Other residents say the development could offer housing to younger families looking to live in the city.
“I support the Garden Plaza Project because it will add desperately needed housing and upgrade an outdated shopping center,” said Ed Davis, a 15-year Mission Viejo resident, in an email.
“We are in the middle of a massive and unprecedented housing crisis. This is an attractive proposal that brings badly needed housing plus jobs to a high-quality retail center which will keep our tax dollars right here to be reinvested in Mission Viejo and not a neighboring city,” Davis said.
Ann Owens, a member of Mission Viejo Planning Partnership — a local organization that advocates for workforce housing — said the project features some flaws regarding housing.
Owens said she thinks the development is too large for the proposed site and pointed to a lack of specific affordable housing units as a cause for concern.
“They aren’t reaching out to meet the community’s needs,” Owens said. “They’re not appealing to the people who really need it.”
Owens said that although the city is in need of high-density housing for young working families, this project does not effectively address housing insecurity issues.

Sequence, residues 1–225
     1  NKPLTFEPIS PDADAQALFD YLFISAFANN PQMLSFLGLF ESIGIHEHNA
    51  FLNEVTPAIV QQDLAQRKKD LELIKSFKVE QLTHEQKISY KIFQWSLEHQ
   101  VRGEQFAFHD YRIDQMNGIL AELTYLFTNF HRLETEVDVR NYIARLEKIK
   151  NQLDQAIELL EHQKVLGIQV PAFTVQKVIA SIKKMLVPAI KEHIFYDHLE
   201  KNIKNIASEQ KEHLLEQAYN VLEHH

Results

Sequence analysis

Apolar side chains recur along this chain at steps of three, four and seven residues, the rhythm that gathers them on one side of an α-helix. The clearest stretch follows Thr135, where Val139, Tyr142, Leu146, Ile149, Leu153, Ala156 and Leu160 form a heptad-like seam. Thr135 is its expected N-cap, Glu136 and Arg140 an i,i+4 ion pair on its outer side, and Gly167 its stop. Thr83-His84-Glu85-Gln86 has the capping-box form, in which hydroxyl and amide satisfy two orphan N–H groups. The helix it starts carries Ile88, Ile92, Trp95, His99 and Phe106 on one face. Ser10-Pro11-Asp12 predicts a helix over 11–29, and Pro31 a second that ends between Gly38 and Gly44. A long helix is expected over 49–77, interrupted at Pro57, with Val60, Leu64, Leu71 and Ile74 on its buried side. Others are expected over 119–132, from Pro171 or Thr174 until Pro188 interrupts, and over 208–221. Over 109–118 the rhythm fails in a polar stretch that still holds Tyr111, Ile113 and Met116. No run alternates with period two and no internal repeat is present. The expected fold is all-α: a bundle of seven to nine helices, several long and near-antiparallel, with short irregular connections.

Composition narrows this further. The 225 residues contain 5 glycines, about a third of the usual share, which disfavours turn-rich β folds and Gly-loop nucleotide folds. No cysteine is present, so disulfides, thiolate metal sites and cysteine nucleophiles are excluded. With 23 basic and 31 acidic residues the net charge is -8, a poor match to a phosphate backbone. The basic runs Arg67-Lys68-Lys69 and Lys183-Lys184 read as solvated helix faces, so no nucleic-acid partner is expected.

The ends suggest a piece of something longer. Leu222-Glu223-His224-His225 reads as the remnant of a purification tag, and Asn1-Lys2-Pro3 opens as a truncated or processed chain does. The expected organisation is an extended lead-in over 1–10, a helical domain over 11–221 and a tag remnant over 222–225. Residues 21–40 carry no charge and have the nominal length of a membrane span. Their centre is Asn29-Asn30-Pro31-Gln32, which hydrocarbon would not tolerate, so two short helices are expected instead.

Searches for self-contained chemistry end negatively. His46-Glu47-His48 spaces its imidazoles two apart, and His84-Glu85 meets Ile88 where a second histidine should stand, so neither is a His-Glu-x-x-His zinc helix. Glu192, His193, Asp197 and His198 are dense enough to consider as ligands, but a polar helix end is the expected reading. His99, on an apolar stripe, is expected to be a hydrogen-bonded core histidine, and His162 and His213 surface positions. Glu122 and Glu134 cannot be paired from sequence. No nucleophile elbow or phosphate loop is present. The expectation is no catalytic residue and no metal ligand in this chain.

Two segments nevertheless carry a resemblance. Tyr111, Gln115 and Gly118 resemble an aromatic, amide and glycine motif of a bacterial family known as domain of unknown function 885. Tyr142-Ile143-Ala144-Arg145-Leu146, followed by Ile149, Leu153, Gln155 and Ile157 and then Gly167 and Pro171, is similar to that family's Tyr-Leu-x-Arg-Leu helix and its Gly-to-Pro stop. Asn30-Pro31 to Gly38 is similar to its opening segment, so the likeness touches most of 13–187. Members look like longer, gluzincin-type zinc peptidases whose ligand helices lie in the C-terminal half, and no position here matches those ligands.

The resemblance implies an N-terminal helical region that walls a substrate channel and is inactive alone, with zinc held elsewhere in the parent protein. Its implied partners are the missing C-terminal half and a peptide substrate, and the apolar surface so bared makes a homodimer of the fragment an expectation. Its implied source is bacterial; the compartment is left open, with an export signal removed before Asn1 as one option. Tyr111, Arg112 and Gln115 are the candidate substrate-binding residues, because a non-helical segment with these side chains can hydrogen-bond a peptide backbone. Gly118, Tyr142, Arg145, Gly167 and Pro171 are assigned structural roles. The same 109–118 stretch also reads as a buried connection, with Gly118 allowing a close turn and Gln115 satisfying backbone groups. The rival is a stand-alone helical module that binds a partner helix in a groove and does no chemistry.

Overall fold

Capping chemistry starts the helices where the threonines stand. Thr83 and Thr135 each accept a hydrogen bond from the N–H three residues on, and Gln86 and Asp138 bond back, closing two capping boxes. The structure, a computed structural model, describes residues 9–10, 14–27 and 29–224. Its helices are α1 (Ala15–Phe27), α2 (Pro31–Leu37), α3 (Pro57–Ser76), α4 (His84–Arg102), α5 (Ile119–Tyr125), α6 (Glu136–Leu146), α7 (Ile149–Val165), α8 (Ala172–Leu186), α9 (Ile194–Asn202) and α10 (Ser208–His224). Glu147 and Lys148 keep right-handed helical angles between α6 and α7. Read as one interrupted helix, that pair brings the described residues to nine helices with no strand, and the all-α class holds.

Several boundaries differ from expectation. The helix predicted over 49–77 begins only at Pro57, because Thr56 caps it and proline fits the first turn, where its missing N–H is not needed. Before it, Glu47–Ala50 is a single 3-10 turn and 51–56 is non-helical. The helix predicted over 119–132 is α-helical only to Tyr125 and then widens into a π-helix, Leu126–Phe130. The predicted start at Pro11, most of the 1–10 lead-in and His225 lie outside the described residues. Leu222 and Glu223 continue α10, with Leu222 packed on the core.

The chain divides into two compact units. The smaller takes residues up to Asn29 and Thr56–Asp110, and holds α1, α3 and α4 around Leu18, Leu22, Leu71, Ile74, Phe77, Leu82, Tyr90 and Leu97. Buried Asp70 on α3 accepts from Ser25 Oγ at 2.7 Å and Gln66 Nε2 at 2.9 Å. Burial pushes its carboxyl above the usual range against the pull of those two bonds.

Yet the developers say the project would benefit those in need of local housing opportunities.
The project is proposed by ValueRock Realty, an Irvine-based commercial real estate agency that owns some of the land at the development site.
Although the full project proposal and environmental impact report haven’t been completed, the city council voted unanimously March 22 to expedite the vote on the zoning aspect.
“I would like to propose today that we as a city stop waiting on the developer to make up their minds and instead use our legislative powers to define the types of uses we believe would be in the best interest of Mission Viejo and its residents,” Mayor Wendy Bucknum said at the March 22 meeting.
Later at the March 22 meeting, council member Greg Raths said he is against the project and will not be voting in favor.
After the planning commission votes to either recommend or deny the zone change, the council will consider it May 10.
Angelina Hicks is a Voice of OC Reporting Fellow. Contact her at email@example.com or on Twitter @angelinahicks13.